Honor, glory, love, integrity, morality, and truth demand relationships. These qualities cannot exist within a singularity. However, they can exist in a trinity. Eternity for glory, honor and love is possible because the persons of the trinity have been glorifying, honoring, and loving each other for eternity. Eternity for integrity, morality and truth is possible because the persons of the trinity have been holding each other accountable for eternity.

But if God is a singularity, then no interpersonal relationships exist within God, and moral qualities that depend upon relationships cannot be eternal. In that view, honor, glory, love, integrity, morality, and truth must be created. Therefore, God's glory and honor are not eternally innate to him but depend upon his relationship with creation. If God has no innate honor, then he cannot potentially have innate shame. If God can potentially do nothing by himself to shame himself, then his behavior has no moral boundaries. He can lie, cheat, and steal without shame because God is only accountable to himself. If there are no relationships within God, then God has no accountability.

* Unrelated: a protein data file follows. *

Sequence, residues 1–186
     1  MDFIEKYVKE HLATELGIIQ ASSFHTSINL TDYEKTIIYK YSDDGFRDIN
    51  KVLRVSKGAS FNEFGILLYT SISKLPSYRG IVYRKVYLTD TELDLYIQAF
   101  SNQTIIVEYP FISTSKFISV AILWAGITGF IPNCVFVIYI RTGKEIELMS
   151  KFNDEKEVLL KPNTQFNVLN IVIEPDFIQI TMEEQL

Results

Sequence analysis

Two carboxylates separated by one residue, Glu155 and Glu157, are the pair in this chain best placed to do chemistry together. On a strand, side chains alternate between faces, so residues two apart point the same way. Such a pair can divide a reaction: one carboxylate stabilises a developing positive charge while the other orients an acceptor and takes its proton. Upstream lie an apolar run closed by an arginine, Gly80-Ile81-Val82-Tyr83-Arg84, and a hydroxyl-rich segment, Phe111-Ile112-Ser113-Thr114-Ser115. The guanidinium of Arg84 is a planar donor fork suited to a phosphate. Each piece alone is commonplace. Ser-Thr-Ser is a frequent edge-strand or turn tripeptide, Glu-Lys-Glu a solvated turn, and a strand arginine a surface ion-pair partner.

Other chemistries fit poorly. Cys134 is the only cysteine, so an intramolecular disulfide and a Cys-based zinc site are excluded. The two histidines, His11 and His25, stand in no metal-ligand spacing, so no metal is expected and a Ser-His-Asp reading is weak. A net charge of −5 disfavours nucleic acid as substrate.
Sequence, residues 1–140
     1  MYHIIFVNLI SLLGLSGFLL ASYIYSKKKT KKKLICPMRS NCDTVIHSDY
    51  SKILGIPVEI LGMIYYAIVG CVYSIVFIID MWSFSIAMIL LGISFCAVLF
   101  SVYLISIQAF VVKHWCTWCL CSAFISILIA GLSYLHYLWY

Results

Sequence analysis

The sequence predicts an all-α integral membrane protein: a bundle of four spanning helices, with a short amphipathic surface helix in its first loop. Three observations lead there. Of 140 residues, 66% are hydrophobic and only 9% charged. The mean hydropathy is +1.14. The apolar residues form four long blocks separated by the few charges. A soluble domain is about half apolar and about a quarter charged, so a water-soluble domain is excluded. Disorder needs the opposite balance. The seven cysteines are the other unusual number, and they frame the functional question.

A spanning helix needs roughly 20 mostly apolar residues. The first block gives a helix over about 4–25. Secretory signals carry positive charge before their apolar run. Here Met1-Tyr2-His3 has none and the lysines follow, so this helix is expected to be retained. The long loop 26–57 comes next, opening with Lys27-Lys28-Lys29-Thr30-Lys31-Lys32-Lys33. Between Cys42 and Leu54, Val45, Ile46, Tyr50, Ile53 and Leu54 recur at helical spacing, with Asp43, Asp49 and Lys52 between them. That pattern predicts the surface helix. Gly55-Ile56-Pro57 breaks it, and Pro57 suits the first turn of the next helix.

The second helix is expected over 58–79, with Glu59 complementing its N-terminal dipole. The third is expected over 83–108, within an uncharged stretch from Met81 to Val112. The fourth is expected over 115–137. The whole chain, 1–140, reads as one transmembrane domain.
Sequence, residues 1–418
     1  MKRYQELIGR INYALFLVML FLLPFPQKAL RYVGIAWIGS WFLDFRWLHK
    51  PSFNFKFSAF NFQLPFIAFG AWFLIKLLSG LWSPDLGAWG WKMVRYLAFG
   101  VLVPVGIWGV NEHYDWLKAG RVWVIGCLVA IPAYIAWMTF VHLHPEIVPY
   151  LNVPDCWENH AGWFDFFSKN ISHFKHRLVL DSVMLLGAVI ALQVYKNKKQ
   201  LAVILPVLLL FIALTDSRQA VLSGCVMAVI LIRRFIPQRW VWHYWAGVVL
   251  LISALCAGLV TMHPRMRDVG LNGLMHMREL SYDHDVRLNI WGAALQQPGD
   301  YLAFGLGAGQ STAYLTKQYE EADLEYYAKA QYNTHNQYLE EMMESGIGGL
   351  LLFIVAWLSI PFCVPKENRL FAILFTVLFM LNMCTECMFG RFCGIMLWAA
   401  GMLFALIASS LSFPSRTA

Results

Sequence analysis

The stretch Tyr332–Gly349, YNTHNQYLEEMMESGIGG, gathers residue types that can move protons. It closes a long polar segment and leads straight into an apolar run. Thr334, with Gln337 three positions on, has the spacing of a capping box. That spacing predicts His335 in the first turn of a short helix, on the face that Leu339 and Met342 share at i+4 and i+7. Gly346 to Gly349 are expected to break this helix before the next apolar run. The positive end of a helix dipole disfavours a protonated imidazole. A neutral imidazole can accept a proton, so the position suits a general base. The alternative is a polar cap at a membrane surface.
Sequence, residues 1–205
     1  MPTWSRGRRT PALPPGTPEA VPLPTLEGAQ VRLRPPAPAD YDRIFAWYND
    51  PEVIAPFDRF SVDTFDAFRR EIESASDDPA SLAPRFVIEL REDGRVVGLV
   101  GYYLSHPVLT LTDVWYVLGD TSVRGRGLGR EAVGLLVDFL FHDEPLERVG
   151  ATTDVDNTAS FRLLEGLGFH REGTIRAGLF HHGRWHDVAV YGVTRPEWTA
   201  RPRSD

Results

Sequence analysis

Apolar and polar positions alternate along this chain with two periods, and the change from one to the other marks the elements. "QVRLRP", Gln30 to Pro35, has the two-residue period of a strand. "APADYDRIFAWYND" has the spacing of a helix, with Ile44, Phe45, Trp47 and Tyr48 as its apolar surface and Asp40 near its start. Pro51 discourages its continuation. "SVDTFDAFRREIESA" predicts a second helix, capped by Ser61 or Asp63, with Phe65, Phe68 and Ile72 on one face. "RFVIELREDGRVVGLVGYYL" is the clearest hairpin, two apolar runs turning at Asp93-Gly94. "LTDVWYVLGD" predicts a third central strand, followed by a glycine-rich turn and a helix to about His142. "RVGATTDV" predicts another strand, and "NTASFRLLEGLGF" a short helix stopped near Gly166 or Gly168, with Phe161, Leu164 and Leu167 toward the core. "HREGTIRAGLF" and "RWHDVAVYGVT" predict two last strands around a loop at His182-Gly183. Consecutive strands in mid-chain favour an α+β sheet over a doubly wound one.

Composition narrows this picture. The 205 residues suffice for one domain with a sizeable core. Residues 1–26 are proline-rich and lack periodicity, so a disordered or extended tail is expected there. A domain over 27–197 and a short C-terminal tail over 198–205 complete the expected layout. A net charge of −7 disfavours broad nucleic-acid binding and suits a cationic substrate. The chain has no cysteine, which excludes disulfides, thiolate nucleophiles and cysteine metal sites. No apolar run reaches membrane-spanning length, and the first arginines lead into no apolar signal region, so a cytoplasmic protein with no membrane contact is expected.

Now, how do these two beliefs about God affect civic structures?

In Christian society, nothing and no one can embarrass or dishonor God. His honor and glory remain intact no matter how people treat him. They are part of his eternal essence and depend on nothing other than God himself. Nothing in creation can ever change or diminish God's honor and glory — even if God becomes a man and dies a humiliating death on a cross. Only God himself could even potentially shame himself, because the trinity has accountability within itself.

But in Muslim society, people must guard and protect God's glory. Nowhere on earth and at no time in history (even when theocratic governments had anti-blasphemy laws) do we find Christians violently protesting in the streets when people insult God, his prophet, or his holy books. People in Christian societies know that God does not need his honor protected. But Muslims around the world and throughout history are paranoid about the glory of God. "Allah Akhbar," the Arabic words for "God is Great," are constantly on their lips. Insulting the prophet receives a death penalty in many Muslim countries. Defiling a Qur'an instigates murderous protests around the world.4